RP1000 Review

manufacturer: DigiTech date: 12/17/2013 category: Guitar Effects
DigiTech: RP1000
It is very easy to navigate and edit the presets, the display is large, bright and easy to read on a dark stage. This covers ALL my tones and FX needs.
 Sound: 4.5
 Overall Impression: 5
 Reliability & Durability: 5
 Ease of Use: 5.5
 Overall rating:
 5.7 
 Reviewer rating:
 5 
 Users rating:
 6.4 
 Votes:
 25 
reviews (2) pictures (3) 23 comments vote for this gear:
overall: 9
RP1000 Reviewed by: unregistered, on february 02, 2012
3 of 4 people found this review helpful

Price paid: $ 399.99

Purchased from: zZsounds

Ease of Use: I actually have the RP1000. It is very easy to navigate and edit the presets, the display is large, bright and easy to read on a dark stage. The manual is simple. I play in a rock cover band doing all kinds of material from clean to metal. It covers them all if you know your amplifiers and cabs and know how to go about building tone. The factory presets pretty much suck but they always do no matter what MFX you choose. // 10

Sound: I initiaaly tried using a tube combo with this in the clean channel but couldn't find my sound and I almost returned it. I started using the PA instead and was much better but still lacked some warmth. I ended up buying a Tech 21 Powerengine 60 (another $325), which is essentially a 60 watt powered monitor with a 12" Celestion guitar speaker and no tweeter or horn. So for the price of a decent tube combo, I now have a fleet of amps and cabs, and they all sound just like they are supposed to. The Tech 21 supplies clean uncolored power loud enough to hold it's own onstage. I use Fender mods for my cleans, Marshall and Mesa mods for my dirty stuff. I love the tap delay. The chouruses sound good but kinda boost the volume as well when you hit it. Compression works very well. There's a ton of different distortions. Some sound fantastic while others are lacking. Reverb is cool with several different options including Fender Twin Spring and Lexicon. The harmonizer FX are ok at best. They sound kinda fake and digital. Overall this thing rocks though and has definitely improved my live performances. // 8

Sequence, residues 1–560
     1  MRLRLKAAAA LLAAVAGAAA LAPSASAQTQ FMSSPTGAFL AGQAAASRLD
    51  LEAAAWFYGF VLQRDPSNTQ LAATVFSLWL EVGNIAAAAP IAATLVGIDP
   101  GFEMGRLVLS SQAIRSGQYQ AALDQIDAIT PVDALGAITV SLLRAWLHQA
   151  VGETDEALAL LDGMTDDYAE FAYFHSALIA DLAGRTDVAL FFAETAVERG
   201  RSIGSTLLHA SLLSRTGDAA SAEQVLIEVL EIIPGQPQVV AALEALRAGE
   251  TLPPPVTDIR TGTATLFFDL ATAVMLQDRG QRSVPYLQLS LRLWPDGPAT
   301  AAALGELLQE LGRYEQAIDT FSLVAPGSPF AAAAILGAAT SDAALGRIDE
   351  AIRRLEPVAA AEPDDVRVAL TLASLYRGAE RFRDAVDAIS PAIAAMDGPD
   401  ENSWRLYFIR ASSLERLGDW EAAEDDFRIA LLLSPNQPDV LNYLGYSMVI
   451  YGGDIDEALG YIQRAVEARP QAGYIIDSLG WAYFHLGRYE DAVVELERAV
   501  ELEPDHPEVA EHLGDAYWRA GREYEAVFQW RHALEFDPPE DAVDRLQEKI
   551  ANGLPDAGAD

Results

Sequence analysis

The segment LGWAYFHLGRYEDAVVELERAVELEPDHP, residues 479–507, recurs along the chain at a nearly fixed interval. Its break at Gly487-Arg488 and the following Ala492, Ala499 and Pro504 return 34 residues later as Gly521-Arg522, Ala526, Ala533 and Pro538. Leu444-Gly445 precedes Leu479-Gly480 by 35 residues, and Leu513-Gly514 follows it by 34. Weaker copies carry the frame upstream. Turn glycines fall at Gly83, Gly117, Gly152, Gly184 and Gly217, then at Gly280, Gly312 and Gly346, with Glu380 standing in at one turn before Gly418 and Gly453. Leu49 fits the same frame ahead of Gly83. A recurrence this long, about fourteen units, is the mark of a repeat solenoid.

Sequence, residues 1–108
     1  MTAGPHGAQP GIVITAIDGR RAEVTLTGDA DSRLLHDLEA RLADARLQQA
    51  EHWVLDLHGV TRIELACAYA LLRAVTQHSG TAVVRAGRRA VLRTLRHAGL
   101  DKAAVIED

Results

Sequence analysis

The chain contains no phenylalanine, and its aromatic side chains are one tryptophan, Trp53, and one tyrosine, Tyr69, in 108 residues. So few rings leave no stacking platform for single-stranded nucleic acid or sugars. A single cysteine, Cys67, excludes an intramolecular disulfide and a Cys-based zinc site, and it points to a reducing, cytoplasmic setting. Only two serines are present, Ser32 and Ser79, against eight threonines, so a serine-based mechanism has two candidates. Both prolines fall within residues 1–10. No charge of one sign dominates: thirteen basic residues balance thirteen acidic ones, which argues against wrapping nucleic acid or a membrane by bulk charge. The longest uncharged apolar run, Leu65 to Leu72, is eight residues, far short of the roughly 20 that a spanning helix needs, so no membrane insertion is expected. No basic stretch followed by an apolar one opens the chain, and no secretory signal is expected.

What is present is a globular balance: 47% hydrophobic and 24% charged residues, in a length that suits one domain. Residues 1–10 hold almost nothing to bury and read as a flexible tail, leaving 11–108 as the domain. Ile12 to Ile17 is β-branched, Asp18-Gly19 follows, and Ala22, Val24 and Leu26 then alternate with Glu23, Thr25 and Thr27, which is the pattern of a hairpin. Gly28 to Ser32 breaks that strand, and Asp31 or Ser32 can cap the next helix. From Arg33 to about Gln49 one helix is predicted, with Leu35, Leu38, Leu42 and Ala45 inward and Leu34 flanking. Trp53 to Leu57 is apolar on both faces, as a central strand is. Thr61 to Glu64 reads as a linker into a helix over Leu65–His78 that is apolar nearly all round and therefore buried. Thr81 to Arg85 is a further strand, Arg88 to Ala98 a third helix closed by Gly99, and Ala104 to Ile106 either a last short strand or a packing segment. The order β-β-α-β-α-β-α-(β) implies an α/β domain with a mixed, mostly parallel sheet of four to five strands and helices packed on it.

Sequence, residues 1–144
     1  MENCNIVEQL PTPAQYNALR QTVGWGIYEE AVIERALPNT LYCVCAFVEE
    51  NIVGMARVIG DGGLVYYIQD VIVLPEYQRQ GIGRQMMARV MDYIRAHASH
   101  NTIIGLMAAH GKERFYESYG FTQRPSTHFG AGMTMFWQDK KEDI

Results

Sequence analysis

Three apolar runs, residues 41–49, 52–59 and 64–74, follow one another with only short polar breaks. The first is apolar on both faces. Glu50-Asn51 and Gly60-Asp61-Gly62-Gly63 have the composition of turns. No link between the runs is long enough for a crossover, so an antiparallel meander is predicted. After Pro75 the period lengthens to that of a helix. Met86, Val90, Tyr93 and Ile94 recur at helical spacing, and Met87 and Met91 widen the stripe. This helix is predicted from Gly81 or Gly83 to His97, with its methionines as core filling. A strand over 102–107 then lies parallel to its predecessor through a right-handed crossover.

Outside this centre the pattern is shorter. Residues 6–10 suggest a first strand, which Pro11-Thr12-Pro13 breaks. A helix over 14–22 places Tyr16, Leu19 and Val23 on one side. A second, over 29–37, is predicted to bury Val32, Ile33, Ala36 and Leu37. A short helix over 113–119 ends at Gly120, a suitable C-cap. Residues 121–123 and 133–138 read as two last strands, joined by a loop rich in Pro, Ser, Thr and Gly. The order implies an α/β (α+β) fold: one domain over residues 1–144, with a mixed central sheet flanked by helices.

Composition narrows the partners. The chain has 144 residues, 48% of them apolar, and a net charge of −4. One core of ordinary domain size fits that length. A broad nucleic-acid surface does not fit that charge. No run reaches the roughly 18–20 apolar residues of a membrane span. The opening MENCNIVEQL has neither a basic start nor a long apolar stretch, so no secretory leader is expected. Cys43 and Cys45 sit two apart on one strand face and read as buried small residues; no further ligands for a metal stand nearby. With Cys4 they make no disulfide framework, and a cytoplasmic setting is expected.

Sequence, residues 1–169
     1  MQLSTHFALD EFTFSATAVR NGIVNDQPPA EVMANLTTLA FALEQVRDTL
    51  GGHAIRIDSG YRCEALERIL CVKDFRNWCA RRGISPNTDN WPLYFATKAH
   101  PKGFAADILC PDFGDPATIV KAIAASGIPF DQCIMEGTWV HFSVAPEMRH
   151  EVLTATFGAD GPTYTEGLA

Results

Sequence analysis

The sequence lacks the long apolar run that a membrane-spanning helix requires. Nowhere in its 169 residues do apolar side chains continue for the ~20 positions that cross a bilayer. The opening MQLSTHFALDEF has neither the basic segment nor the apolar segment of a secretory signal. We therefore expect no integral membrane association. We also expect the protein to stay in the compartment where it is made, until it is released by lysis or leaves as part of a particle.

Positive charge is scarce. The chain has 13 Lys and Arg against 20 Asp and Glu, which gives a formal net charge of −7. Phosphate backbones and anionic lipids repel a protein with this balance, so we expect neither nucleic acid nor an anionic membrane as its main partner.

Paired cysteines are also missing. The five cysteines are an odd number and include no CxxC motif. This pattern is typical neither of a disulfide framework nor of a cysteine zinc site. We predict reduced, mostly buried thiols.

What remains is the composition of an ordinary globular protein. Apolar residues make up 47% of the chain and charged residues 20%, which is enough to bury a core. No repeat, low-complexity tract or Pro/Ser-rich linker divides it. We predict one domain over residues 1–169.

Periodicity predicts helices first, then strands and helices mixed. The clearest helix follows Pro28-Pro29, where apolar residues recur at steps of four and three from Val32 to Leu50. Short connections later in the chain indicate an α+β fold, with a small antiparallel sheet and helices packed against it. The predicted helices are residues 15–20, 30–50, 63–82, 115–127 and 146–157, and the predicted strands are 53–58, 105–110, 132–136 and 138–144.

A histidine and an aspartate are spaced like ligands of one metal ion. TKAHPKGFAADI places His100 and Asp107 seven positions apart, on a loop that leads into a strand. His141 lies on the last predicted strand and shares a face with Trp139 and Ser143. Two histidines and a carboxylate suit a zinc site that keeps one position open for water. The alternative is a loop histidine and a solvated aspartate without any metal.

Reliability & Durability: It's built like a tank. I have no issues with it at all in this respect. I have gigged with it and I will continue too. One note... The FX edit grid is recessed into the unit by about an inch or so to protect the rather flimsy plastic parameter knobs I'm guessing. Anything spilled on it would pool up and your RP1000 would be kaput! // 9

Overall Impression: I play in a rock cover mand. This covers ALL my tones and FX needs. I've been playing for 30 years and have been thru alot of gear. I got this rig so I wouldn't have to haul a heavy tube amp around everywhere. If you are looking for immediate tome gratification this aint for you. I have 15 presets built and it took me 4 months of tweaking and band rehearsals to create them. I use this in pedalboard mode which essentially allows every preset to become a separate pedalbord scene, with different amps and FX combinations in each one that can be turned on and off just like a stompbox pedalboard, without the dancing. Another reason I bought it. // 9

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overall: 1
RP1000 Reviewed by: dhyatt, on december 17, 2013
0 of 0 people found this review helpful

Price paid: $ 350

Purchased from: MUSIC123

Ease of Use: In my opinion it is totally impossible to get anything even closely resembling a "good sound" from this device, at least for those who can recognize the quality of tonal differences. The manual goes deep enough to get one lost; many functions seemed vastly different that what the instructions implied. The loop function did manage to snag about 3 notes, once, and you had to be absolutely quiet to hear those. Presets tend to go away on their own, as well as reappear on their own along with some you have never seen before. You can never be exactly sure what the pedal will activate, set it for wah and you get volume, sometimes nothing at all. It is indeed a Chinese made product. // 1